No, thanks. President Donald Trump says he's got better things to do than attend the "boring" and "negative" White House Correspondents' Association dinner.
Trump said Friday he'll hold one of his signature political rallies as counter-programming to the glitzy April 27 press dinner, skipping the event for the third year in a row.
"The dinner is so boring and so negative that we're going to hold a very positive rally instead," he said.
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Presidents and first ladies have traditionally attended the event, a fundraiser for college scholarships where politicians, journalists and celebrities mix. A number of reporting awards also are distributed at the dinner.
Trump has not attended the dinner since he took office, but had suggested he might appear this year after organizers scrapped the usual format featuring a comedian and instead invited Pulitzer Prize-winning author Ron Chernow to speak.
Association President Olivier Knox said in a statement: "We're looking forward to an enjoyable evening of celebrating the First Amendment and great journalists past, present, and future."
Trump, who has long had an adversarial relationship with the news media, also held rallies on the same night as the dinner in 2017 and 2018. Throughout his presidency, he has criticized the "fake media" and "dishonest" reporters, singling out specific journalists and news outlets.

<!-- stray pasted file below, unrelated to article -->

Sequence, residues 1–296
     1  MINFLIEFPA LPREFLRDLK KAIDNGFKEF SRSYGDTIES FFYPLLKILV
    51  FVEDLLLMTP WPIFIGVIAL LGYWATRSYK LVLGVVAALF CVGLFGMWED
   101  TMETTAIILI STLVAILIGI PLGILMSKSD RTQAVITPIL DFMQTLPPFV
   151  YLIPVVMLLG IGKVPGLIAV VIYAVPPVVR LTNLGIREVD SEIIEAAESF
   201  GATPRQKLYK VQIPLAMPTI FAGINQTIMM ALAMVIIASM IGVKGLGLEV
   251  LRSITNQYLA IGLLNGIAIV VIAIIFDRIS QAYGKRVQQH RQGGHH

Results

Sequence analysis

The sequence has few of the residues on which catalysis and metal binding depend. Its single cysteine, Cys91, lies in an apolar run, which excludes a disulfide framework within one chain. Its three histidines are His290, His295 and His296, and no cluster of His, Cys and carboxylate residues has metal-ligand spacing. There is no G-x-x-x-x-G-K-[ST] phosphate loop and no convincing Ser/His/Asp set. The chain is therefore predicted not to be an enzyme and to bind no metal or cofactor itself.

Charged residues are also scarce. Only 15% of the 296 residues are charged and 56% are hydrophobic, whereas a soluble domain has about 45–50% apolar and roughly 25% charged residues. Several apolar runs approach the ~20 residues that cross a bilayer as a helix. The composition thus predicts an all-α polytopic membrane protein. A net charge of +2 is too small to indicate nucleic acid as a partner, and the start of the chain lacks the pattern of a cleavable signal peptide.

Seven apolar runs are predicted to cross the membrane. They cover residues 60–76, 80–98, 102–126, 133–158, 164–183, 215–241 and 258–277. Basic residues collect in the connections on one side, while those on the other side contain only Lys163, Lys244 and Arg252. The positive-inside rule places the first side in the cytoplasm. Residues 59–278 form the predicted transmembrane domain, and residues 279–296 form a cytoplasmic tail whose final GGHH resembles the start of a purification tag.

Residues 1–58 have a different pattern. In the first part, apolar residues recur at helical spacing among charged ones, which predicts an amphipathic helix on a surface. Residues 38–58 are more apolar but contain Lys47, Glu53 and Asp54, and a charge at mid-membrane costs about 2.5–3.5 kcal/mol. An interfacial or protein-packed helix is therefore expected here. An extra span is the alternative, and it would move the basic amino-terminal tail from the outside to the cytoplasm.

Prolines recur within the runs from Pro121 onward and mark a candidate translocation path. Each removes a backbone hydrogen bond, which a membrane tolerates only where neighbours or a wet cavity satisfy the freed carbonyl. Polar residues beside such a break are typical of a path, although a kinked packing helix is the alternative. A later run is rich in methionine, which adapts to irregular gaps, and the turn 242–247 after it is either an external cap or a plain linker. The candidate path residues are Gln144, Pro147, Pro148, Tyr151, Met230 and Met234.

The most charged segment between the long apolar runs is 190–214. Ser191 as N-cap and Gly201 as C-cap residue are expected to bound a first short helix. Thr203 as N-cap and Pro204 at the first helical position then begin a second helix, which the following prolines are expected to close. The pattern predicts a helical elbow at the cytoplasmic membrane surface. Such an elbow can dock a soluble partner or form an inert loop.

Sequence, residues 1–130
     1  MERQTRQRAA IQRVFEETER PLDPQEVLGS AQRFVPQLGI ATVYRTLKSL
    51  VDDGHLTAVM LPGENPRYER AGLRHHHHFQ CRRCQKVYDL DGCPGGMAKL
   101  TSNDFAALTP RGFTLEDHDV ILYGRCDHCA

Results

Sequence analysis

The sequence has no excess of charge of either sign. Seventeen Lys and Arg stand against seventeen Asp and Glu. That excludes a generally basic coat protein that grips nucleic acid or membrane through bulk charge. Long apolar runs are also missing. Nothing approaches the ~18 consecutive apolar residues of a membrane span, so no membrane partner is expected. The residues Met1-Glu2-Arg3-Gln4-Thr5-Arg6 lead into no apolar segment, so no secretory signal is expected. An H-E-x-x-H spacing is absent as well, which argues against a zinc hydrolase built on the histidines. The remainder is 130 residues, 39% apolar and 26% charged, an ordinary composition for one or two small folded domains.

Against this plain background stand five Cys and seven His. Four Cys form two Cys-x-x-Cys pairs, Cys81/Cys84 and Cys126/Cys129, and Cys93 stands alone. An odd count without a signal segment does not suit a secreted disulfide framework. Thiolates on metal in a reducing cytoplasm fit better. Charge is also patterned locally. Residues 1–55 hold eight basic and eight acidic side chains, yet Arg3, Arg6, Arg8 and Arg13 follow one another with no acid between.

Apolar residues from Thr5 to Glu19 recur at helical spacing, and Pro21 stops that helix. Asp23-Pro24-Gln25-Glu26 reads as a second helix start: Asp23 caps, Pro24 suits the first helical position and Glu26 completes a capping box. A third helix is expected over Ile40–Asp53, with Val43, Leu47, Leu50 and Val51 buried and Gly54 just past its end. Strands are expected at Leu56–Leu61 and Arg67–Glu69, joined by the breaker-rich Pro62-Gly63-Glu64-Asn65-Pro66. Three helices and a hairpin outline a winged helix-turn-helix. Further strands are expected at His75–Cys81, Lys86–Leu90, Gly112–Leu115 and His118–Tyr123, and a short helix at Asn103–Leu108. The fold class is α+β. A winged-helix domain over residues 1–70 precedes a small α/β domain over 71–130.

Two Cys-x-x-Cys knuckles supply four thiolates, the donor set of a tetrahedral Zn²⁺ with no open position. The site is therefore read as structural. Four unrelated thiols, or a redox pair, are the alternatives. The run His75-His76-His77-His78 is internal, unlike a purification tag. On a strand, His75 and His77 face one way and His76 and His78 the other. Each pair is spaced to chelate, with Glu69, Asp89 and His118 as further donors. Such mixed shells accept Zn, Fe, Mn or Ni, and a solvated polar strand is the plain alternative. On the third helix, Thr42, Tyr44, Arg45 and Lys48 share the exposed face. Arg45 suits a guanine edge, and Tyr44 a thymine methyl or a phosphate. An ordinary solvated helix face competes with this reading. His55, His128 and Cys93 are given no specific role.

True to form, Trump tweeted Friday that the press "can't stand the fact that this Administration has done more than virtually any other Administration in its first 2yrs."
He added: "They are truly the ENEMY OF THE PEOPLE!"
Trump said his team has yet to settle on a location for his April 27 rally, but stressed: "It'll be a big one."
The association decided to shift to a featured speaker instead of a comic after a sharply anti-Trump performance last year by comedian Michelle Wolf that some thought was too pointed against White House press secretary Sarah Huckabee Sanders and other White House staff.
Chernow, a biographer of presidents and statesmen including George Washington and Alexander Hamilton, is expected to speak about the importance of the First Amendment. Chernow, like many of his fellow historians, strongly opposed Trump's candidacy in 2016 and labeled him a "demagogue."
While Trump has not attended the dinner as president, he has gone in the past. He was famously mocked by President Barack Obama at the 2011 dinner.